This is part two of our IZEAfest coverage. Part one is here. After the Icebar party and late night hotel room shenanigans, day two of IZEAfest in Orlando kicked off to the more subdued (and late) start. We'll be blunt. We missed the entire first half of day two having slept a bit late and getting caught up in picture editing and work. Though we hear the speakers were great.
Aaron Brazell gave the keynote and spoke to the issue of finding an audience, cultivating that audience and becoming a leader in one's area of expertise. Next Liz Strauss covered the area of leveraging relationships. Akin to building yourself up and establishing yourself as the go to person in a particular space, developing and maintaining relationships with others in the space is key to your continued success.
After lunch Brett Bumeter moderated a panel which included George Smith, John Andrews, Joseph Jaffe and Zena Weist. This panel dove into the realm of advertiser's needs and wants in the social media space and how that relates to bloggers creating content. While many topics such as urging marketers to join, listen and participate in social media were covered, a key take away was the need to target. And that's what blogging and certain aspects of social media can offer marketers, And, conversely, offer opportunity to anyone with the skills in a particular area to give that marketer a targeted pathway to building a customer base.
It seems things are heating up over at Taryn Rose International. The brand is rolling out a new identity and a redesign of their footwear. But calling these shoes footwear doesn't really encapsulate the totality of their allure. These shoes are not soccer mommy footwear. They're so smoking hot they just might burst you into flames.
New ads featuring the most scorch-worthy shoes from the line appear in high end mags such as Elle and Vogue. And the ads do get attention. As well as a strong desire to run out a buy a pair. Sure they have some ballet flats and low rise styles mixed in for practicality. But thanks to Taryn, her blistering boots and sizzling pumps, we imagine an addition to the wardrobe from the brand that can successfully change the "work from home soccer mommy (in her pajamas)" look into the "smoldering temptress" look that turns every man within a 100 yard radius into a drooling, stuttering fool. Heck, these shoes make a girl want to run to the gym so the calves will be worthy of the shoes' fever pitch.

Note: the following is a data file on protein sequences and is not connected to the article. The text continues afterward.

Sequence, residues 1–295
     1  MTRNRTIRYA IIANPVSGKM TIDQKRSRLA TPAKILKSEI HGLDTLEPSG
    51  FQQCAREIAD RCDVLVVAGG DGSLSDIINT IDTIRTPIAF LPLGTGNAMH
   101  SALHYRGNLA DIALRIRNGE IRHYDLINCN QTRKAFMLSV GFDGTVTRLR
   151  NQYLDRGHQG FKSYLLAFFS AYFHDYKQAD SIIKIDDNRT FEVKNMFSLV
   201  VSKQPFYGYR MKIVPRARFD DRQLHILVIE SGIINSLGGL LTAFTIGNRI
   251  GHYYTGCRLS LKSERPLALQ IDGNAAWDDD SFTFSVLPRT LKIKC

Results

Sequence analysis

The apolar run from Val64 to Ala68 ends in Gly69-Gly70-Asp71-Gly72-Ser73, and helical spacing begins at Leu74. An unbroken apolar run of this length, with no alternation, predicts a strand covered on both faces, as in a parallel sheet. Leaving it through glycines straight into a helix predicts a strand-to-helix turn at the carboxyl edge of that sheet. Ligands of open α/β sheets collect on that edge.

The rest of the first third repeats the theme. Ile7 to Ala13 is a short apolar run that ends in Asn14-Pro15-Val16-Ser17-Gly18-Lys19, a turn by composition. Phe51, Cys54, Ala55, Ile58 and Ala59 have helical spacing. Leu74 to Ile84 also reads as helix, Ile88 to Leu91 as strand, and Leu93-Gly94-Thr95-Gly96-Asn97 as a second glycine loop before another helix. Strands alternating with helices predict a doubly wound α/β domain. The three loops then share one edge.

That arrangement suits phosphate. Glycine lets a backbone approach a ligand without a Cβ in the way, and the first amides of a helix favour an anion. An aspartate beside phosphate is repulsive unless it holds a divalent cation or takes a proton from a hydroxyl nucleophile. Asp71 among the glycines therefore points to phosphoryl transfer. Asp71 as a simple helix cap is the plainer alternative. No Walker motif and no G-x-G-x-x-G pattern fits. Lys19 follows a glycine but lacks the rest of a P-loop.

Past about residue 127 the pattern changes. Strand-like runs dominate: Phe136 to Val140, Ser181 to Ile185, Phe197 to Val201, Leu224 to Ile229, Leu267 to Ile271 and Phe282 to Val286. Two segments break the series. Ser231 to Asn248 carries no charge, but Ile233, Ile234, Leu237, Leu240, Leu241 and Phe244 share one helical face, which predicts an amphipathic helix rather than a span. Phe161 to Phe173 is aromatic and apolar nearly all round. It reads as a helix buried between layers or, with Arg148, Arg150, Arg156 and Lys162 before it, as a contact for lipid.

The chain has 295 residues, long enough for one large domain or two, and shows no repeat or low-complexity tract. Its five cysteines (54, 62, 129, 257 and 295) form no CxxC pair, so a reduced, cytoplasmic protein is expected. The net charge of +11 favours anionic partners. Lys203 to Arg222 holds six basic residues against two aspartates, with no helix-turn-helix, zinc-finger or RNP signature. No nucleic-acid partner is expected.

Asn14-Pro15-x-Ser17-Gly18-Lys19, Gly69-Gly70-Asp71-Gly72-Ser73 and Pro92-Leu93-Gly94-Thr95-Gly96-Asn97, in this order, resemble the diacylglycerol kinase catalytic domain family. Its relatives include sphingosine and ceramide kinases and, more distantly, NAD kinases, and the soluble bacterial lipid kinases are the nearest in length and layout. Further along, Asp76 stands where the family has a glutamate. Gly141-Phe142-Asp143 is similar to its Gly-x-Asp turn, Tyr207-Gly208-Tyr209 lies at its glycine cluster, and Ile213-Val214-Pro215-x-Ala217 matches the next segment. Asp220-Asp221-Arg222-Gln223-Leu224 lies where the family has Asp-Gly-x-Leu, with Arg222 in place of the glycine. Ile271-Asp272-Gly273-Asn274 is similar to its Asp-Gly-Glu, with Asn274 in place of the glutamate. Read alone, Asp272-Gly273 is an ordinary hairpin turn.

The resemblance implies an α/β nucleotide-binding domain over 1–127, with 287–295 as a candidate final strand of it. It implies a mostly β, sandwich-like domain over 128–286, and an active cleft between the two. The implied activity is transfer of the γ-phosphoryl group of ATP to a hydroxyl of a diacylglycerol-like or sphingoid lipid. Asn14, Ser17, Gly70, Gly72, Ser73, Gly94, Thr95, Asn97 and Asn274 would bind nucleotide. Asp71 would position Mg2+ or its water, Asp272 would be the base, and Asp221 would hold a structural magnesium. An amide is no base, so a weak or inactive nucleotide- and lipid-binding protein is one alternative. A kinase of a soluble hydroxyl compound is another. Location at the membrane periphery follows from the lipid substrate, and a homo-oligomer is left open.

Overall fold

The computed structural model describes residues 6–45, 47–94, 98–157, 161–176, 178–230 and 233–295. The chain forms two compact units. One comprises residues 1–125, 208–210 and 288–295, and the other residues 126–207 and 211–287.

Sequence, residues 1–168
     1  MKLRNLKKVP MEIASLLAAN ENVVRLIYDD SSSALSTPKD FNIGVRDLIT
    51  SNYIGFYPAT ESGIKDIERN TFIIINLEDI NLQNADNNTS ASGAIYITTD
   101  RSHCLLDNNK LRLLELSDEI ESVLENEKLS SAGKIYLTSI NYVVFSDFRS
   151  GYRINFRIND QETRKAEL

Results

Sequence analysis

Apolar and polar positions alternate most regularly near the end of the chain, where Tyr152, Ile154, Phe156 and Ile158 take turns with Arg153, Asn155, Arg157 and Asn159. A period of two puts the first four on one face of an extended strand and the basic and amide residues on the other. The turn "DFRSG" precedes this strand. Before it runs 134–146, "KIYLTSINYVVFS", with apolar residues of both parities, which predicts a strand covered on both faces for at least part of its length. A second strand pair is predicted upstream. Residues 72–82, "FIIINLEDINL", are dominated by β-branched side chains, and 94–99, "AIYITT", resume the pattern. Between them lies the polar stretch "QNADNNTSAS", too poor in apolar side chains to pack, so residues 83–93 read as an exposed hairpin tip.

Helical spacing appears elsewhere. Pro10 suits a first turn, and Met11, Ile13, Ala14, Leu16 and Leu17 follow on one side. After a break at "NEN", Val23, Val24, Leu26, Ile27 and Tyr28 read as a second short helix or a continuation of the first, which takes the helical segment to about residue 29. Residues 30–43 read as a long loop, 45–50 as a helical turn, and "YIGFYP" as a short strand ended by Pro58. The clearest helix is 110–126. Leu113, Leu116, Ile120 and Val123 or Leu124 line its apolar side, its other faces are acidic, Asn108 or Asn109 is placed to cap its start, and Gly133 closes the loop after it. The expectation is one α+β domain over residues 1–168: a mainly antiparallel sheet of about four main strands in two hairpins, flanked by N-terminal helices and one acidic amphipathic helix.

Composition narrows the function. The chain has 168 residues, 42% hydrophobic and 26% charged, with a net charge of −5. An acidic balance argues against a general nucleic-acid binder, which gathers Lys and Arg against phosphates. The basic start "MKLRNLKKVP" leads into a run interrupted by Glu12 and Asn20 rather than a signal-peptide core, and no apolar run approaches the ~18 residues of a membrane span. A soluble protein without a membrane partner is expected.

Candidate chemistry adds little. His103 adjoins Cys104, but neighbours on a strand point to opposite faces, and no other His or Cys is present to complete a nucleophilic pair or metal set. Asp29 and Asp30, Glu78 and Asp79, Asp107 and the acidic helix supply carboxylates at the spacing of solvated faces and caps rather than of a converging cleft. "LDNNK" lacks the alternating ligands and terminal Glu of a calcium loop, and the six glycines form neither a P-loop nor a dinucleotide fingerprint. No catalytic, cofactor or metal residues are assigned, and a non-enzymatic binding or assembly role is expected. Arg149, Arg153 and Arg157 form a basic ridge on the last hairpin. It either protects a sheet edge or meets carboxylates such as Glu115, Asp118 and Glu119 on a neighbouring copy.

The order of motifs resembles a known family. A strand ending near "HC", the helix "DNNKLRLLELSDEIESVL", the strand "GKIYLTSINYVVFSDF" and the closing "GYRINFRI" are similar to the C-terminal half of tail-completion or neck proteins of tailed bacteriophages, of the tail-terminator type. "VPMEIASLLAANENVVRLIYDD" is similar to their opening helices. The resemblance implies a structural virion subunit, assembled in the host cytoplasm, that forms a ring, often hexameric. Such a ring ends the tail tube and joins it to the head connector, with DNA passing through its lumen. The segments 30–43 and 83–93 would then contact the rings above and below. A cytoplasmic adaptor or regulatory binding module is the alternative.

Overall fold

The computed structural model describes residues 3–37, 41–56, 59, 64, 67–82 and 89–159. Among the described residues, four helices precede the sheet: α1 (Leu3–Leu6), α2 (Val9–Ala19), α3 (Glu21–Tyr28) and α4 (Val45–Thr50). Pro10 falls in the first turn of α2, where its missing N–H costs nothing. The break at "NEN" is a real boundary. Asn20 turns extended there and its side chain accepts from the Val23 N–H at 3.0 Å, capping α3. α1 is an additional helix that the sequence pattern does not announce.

See the other two ads in the campaign here and here.
- Written by...it's a secret.
The product is way cooler than the advertising behind it but, like a fart joke, there's something about ads in which all the nasty words are bleeped out. OK so the ads are nothing like a fart joke but we just wanted to somehow work that phrase in.
Now that we have that out of the way, New York-based Woods, Witt Dealy & Sons has created a campaign for Powermat. It's exactly what it sounds like. It's a mat you place your wireless devices on and their batteries are magically charged.
There's two commercials here and here and a whole host of other media as well.
We'd like to offer praise to Ralph Lauren. Recently they created an amazing ad featuring model Filippa Hamilton. She's really skinny and all...which is really cool cuz, ya know, that's who fashion brands design for. In Ralph Lauren's world, everyone's a size zero and all women have waists smaller than their heads.
Seriously. This is one of the best ads in the fashion space right now. We've never seen anything like it. It captures perfectly the Ralph Lauren brand and does a razor sharp job of targeting the brand's likely prospects. Sales will, no doubt, skyrocket as a result of this ad.
Kudos, Ralph Lauren. We really can't understand why anyone would actually complain about this ad. This approach is radical. This is cutting edge. This is award winning. You should be very proud of yourself, Ralph. And don't listen to those nasty detractors. They're just messing with the picture perfect world in which we marketing types love to live.
Of Ford's new Drive One commercials, The Ford Story blog tells us "The comments are as real as the people who made them. They are not scripted. In fact, these people didn't know that it was Ford filming them, or that they would be used in commercials. That's the only way to get genuine opinions, and that's how these were produced."